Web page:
McKinsey’s announcement on Tuesday that its most serious transgressions in the Eskom-Trillian episode amounted to a lapse in administrative processes and some errors of judgment has not gone down well with the South African public.
It found no one guilty of acting in bad faith, no one was fired, an undisclosed number of people left the firm, among whom the only one named was key figure Vikas Sagar, and an undisclosed, unnamed number were sanctioned.
McKinsey, it seems, intentionally ignored the public mood and did things "the McKinsey way". This included conducting its own investigation and providing only the barest glimpse of how and why it arrived at its findings. It was determined that in an environment where the public wants to see heads roll, it would not bow to the collective desire for retribution.
If this was the only problem with its response, though, then public anger would dissipate and its reputation would be easily recovered. But it wasn’t. The problem is much bigger: first, nobody believes McKinsey’s version that it was by misfortune, and through an administrative lapse, that it got itself involved in an irregular and unlawful arrangement with Eskom.
Second, no one believes that its mega consulting fee – which for the two companies amounted to R13m a day – can, in any world, be justified. If not corruption, this at the very least was greed and profiteering.
On the first matter, what we know is that McKinsey had a relationship with an earlier rendition of Trillian, called Regiments, brokered by Gupta lieutenant Salim Essa from around 2013. By the time McKinsey and Trillian began working together at Eskom, McKinsey already had a firm relationship with a Gupta-linked firm.
McKinsey then landed an enormous, performance-based contract for three years to turn the Eskom business around with a potential contract price of a gobsmacking R9.4bn. While it did not sign any agreement with Trillian, it was nonetheless completely clear that Trillian would be its "supplier development" or black economic empowerment partner to ensure compliance.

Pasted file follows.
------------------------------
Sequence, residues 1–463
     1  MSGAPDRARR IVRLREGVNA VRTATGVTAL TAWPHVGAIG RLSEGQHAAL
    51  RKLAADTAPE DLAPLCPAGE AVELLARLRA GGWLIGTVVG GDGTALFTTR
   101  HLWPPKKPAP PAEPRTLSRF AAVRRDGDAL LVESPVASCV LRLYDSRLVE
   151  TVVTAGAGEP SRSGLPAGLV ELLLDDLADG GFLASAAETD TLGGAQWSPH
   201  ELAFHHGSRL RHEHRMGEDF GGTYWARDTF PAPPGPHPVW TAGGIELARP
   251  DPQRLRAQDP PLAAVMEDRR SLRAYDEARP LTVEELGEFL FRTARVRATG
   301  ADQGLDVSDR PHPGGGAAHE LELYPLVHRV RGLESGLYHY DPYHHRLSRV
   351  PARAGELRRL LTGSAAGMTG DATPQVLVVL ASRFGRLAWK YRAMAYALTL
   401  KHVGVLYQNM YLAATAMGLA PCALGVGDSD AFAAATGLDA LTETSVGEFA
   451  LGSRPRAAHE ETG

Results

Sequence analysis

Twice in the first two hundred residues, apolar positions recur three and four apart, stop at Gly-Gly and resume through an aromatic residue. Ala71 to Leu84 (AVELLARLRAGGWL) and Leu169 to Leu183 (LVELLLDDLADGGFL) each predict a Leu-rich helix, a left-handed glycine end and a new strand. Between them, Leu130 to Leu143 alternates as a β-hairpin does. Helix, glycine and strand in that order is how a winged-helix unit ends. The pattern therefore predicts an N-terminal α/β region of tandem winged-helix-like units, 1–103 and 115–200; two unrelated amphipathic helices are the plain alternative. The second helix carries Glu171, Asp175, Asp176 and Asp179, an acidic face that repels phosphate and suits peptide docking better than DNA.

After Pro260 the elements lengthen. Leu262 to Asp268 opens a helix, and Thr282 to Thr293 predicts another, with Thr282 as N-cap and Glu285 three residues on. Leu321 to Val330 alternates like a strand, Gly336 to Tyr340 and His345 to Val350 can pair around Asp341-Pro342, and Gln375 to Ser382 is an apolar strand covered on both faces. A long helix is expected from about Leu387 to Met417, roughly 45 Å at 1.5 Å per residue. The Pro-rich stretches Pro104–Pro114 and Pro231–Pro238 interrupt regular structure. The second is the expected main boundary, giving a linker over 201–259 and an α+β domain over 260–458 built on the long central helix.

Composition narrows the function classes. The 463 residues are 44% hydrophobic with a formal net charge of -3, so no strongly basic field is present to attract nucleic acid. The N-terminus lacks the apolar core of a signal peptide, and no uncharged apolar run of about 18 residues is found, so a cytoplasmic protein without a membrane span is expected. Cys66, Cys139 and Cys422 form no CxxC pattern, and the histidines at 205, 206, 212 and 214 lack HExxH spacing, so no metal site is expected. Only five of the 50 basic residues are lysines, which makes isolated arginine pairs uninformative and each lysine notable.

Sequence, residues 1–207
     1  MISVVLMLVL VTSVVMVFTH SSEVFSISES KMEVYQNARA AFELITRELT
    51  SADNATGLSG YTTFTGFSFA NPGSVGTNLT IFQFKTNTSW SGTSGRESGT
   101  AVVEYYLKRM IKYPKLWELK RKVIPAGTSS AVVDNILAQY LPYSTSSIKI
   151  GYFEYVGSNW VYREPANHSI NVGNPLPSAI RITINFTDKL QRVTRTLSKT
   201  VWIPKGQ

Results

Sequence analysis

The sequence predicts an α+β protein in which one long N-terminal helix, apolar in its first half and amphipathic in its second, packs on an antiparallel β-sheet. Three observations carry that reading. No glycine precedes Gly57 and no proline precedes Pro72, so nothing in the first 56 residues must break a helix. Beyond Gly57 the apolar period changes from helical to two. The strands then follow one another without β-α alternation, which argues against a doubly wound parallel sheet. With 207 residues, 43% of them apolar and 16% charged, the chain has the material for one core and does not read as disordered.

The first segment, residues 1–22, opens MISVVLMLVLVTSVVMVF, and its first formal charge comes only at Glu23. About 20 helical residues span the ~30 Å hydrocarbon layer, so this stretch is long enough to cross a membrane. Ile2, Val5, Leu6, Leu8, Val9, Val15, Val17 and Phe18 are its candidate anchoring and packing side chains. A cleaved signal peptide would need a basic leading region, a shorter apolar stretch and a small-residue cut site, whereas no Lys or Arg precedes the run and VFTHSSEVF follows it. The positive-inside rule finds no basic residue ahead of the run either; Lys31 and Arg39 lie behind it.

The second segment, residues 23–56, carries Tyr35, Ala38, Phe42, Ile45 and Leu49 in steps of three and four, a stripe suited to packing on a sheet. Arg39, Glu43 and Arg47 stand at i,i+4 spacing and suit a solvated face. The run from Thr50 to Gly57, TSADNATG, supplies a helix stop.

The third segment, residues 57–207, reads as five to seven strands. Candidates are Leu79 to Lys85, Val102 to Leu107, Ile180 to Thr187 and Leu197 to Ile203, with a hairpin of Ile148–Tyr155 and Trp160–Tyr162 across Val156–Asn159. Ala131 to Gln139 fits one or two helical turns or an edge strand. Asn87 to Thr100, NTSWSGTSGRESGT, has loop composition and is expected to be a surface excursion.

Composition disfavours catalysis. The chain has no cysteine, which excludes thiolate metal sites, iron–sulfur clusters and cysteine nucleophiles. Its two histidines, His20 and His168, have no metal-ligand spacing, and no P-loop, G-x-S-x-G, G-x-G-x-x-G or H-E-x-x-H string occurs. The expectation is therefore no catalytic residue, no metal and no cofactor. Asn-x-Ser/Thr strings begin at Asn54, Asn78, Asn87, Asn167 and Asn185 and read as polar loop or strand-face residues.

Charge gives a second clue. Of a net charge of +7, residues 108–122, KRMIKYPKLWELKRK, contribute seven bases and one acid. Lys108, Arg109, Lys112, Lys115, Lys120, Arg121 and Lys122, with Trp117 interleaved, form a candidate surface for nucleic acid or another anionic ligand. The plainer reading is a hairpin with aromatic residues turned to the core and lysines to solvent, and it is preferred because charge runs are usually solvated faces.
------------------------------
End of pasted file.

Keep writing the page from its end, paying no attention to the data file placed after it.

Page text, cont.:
In its "eagerness" to help Eskom, McKinsey by its own admission started working alongside Trillian on the project before it had even signed a contract with the Gupta-linked firm. It was only after a routine meeting of the McKinsey global risk committee began to ask questions about three months later that the alarm was raised. By then McKinsey had already scored R900m and Trillian R500m in performance-related fees from Eskom. But all of this is described as nothing more problematic than administrative shortcomings, "eagerness" and lapses in judgment.
Second is the question of the fee. McKinsey is adamant that the work it did for Eskom delivered value and saved Eskom billions. But McKinsey began this project at a point in Eskom’s life where its financial performance could get no worse.
In fact, it was pretty much guaranteed that it would soon get much better.
While Eskom had neglected maintenance in the past, it had begun to intensify it from 2012. While intensive load shedding took place during 2014 and 2015, by August 2015 management under Brian Molefe had begun to improve. Load shedding stopped, the massive expenditure – about R6bn a year — on diesel ended, demand dropped and plant availability had begun to stabilise and turn around.
No doubt McKinsey did improve efficiency through its own interventions, but the bet that it would do so when performance was to be measured against the wild spending and chaotic load shedding of earlier times was a dead cert. There was no way McKinsey could lose; the prospect was that it would win big. It was an opportunity that it grabbed knowing full well that the fee it would earn would be way outside of the ballpark of what could be considered reasonable or fair.